I'm a computer guy. I've been fascinated by them since I was a little kid back in the 60's (that's the 1960's, for you Millenials who are math challenged). It only makes sense. I grew up in the glorious era of American achievements in science and engineering. We were racing to the Moon. The astronauts and the engineers building the systems that sent the astronauts into space were our heroes. And computers were everywhere. We kids were made to understand that American prowess in raw computing power, along with American drive and excellence in aerospace engineering, were what was pushing us forward in the race to beat the damned Russkies - at anything.
But in the 1960s a computer would quite literally fill a room. Or two. Computers were fascinating in concept, but unachievable in reality unless you attended a well-heeled school that provided access to a computer (usually via a time sharing system), or were one of the lucky few who's parents or relatives worked in a job that provided access to a computer. My first direct access to a computer didn't come until the mid-1970s when, in college, I had to run some insect-borne disease infection models on the university's IBM mainframe system. You'd go to the computer room window and tell the geeks what simulation you needed to run. They assigned you to a terminal while they pulled the card deck, ran it through the card reader, gave the computer time to compile the program and then sent you a notice through the terminal that the program was ready to run. These terminals were nothing more than a teletype-like keyboard and printer - no CRT interfaces for us low-life undergrads. You knew the program had successfully compiled and was ready to run when the teletype gave you two dings and chugged out a 'READY' line of text on the fanfold paper. But it was glorious! The entire resources of that behemoth behind the window were at your disposal. You could change variables on the fly, run looped simulations to test exponential increases or decreases in vector transmissions, and watched as your test populations of disease victims either survived or died based on various insect control measures. The experience sticks with me today, not because I couldn't kill enough mosquitos and repeatedly wiped out over half the population of some notional West African country, but because those sessions gave me direct access to a computer program that allowed me to control the multiple related variables and provide real-time feedback. I was hooked!
Unknown to me at the time, there were forces at work in places like Silicon Valley that would upend the computing paradigm and create the concept of the 'personal' computer. When I became aware of this sometime in the late 1970s I became fascinated with the concept but could only participate on the margins - most of these 'personal' computers like the early Apples or CP/M systems cost almost as much as a new car. My first computer was the $99 dollar (that's 1981 dollars) Timex/Sinclair 1000. Oh, and the additional 16k memory module was an additional $99. That's almost $600 in today's inflation adjusted money. But hey, it was real computer! A somewhat crippled computer, yes, but at least it had a real CPU, a video driver, could load and save data and programs on a tape drive, and had built-in BASIC.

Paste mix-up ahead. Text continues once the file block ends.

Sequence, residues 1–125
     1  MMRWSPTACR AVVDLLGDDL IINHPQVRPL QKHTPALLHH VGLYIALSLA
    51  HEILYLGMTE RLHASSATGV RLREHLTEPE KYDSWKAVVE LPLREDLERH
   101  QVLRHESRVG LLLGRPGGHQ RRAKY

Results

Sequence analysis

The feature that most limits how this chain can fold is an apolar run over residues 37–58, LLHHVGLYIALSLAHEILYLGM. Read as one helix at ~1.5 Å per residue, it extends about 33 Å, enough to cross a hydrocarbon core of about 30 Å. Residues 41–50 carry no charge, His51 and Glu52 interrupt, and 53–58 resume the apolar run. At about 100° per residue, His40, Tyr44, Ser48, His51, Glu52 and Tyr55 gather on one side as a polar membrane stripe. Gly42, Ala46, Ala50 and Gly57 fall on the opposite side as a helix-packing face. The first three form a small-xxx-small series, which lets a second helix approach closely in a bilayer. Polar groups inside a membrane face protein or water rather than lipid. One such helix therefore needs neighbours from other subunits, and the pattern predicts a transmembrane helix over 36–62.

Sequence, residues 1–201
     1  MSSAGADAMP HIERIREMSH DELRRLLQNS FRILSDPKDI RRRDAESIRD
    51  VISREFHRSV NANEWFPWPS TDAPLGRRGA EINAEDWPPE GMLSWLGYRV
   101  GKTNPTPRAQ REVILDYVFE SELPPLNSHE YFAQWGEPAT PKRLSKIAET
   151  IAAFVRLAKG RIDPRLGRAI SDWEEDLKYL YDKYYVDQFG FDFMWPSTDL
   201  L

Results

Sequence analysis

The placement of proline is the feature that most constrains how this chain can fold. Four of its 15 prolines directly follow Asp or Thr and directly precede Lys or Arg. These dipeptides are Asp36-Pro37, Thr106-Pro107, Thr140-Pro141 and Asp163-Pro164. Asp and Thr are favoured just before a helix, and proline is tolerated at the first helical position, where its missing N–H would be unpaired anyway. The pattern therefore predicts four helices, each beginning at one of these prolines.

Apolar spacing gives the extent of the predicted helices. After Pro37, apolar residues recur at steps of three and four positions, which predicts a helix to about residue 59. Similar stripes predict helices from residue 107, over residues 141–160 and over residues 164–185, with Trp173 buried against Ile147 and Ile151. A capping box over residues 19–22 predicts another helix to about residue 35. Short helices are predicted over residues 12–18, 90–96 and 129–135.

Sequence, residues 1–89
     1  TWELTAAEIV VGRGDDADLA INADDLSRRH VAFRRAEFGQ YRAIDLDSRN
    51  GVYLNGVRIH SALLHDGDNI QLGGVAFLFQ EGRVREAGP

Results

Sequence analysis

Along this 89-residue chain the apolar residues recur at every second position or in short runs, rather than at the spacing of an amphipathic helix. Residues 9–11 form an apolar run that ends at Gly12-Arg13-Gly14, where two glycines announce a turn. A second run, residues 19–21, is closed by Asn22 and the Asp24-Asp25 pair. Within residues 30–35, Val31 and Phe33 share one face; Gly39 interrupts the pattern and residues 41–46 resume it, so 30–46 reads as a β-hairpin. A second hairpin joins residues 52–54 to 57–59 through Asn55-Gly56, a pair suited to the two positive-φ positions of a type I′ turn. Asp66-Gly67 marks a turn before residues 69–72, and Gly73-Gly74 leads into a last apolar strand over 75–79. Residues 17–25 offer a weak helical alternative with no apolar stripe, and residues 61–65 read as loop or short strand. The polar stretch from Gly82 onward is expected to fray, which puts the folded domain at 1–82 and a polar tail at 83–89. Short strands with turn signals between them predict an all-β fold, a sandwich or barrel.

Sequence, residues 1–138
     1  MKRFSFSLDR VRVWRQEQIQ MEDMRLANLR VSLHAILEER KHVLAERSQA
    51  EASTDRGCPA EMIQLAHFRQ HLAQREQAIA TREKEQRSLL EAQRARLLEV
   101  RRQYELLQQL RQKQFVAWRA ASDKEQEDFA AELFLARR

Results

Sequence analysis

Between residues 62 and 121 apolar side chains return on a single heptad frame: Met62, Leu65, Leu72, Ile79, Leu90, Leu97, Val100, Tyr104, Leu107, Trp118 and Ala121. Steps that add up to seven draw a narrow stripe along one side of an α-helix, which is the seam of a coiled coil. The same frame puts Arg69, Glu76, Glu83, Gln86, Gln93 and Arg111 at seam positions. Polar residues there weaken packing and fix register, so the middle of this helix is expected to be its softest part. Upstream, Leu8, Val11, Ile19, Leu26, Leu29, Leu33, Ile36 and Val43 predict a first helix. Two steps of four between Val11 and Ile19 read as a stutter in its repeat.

Although I was not a computer science major, my professional career with the US Army Corps of Engineers kept me in close contact with computer developments. We transitioned through a wide variety of computers and operating systems as our software applications matured. The list of systems I worked with reads like a pantheon of personal computer and workstation development - Commodore 64 & Amiga, Apple IIe & MacIntosh, DEC VAX (various models), SGI Indigo, HP/UX (various hardware platforms), Wang, Sun Microsystems, GRID and of course the various iterations of IBM PCs and clones - Kay, Compaq, Gateway, Dell, Heath/Zenith, HP, you name it. I have lived the arc of personal computer development, and it's been a fascinating journey.
A year or two ago I became aware of a museum here in the Atlanta area titled the 'Computer Museum of America'. It appears the museum is an extension of the collection of Lonnie Mimms, a commercial real estate developer and avid life-long computer collector. I suspect much of what's in the museum came straight out of Lonnie's garage. So yesterday the XYL and I took a few hours to drive up to Roswell, GA to visit the museum. Suffice to say, I had a great time and was delighted to visit with some 'old friends'.
|The Timex Sinclair 1000 - my first computer|
|A Radio Shack TRS-80 Portable Computer. The first successful portable computer, and one|
that was so successful that good used examples are highly sought after today. Built for
Radio Shack by Kyocera. It's still one of my 'Holy Grail' computers
|And speaking of XYLs, here she is pointing out one of|
my heroes in computing history, Rear Admiral Grace Hopper
|Lots and lots of Sun, Cray and Silicon Graphics floor models (ha, ha). I call this 'geek alley'|